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EnglishEdit

EtymologyEdit

From Latin pecūlātor (embezzler), from Latin pecūlor (I embezzle), from Latin pecūlium (private property).

NounEdit

peculator (plural peculators)

  1. A person who peculates; an embezzler

Related termsEdit

AnagramsEdit


InterlinguaEdit

NounEdit

peculator (plural peculatores)

  1. embezzler

Related termsEdit


LatinEdit

EtymologyEdit

Agent noun formed from pecūlātus, perfect passive participle of pecūlor (I embezzle), from pecūlium (private property) + -or, agential ending.

PronunciationEdit

NounEdit

pecūlātor m (genitive pecūlātōris); third declension

  1. embezzler
    • c. 100 CE – 110 CE, Tacitus, Histories 1.53:
      mox compertum publicam pecuniam avertisse ut peculatorem flagitari iussit.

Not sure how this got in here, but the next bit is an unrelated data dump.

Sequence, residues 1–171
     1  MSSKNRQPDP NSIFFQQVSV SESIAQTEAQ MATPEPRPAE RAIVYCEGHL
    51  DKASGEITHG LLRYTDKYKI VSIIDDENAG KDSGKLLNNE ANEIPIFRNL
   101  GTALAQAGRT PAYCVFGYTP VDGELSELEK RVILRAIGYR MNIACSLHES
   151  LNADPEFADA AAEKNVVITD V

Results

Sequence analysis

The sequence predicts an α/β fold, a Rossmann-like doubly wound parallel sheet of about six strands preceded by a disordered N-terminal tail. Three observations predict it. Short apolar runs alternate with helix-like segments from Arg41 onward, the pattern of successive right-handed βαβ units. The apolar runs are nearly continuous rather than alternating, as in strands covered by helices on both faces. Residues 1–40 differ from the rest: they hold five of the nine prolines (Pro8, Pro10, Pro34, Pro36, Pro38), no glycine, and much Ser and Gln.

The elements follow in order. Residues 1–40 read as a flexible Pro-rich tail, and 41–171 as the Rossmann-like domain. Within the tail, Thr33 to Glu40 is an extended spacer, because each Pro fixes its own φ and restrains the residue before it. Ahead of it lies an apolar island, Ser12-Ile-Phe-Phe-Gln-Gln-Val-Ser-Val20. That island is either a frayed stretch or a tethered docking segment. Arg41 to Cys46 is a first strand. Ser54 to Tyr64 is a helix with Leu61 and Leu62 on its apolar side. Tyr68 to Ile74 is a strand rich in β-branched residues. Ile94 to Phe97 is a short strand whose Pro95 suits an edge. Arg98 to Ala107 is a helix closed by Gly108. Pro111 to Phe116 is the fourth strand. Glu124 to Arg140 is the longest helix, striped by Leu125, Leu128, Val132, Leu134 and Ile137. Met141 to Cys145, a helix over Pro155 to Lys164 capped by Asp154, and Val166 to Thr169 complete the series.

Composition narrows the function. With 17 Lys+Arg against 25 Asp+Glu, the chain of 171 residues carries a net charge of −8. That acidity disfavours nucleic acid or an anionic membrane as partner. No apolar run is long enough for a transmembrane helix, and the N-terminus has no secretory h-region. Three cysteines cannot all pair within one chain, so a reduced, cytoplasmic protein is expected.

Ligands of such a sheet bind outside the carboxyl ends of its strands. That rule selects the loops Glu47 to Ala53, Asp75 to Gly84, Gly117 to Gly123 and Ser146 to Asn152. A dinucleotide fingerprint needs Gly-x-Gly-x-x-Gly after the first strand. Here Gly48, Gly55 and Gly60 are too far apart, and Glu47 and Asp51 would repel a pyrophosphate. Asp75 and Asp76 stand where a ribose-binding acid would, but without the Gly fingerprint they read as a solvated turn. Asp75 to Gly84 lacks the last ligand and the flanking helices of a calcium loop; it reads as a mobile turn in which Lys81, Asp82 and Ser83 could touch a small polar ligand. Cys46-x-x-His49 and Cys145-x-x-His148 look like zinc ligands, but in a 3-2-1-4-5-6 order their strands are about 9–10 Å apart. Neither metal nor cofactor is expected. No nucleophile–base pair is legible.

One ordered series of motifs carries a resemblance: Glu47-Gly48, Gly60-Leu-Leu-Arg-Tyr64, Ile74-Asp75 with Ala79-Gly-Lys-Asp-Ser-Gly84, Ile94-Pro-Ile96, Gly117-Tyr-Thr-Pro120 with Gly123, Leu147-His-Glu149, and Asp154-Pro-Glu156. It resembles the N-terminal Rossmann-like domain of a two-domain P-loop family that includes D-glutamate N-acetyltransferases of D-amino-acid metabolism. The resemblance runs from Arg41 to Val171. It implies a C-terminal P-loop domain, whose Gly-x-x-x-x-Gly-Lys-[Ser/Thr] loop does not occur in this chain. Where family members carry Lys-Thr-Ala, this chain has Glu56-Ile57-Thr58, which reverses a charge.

it being soon discovered that he had embezzled the public money, he directed that he should be prosecuted as a peculator.
  2. vocative singular of pecūlātor

InflectionEdit

Third declension.

Case Singular Plural
Nominative pecūlātor pecūlātōrēs
Genitive pecūlātōris pecūlātōrum
Dative pecūlātōrī pecūlātōribus
Accusative pecūlātōrem pecūlātōrēs
Ablative pecūlātōre pecūlātōribus
Vocative pecūlātor pecūlātōrēs

SynonymsEdit

Related termsEdit

DescendantsEdit

ReferencesEdit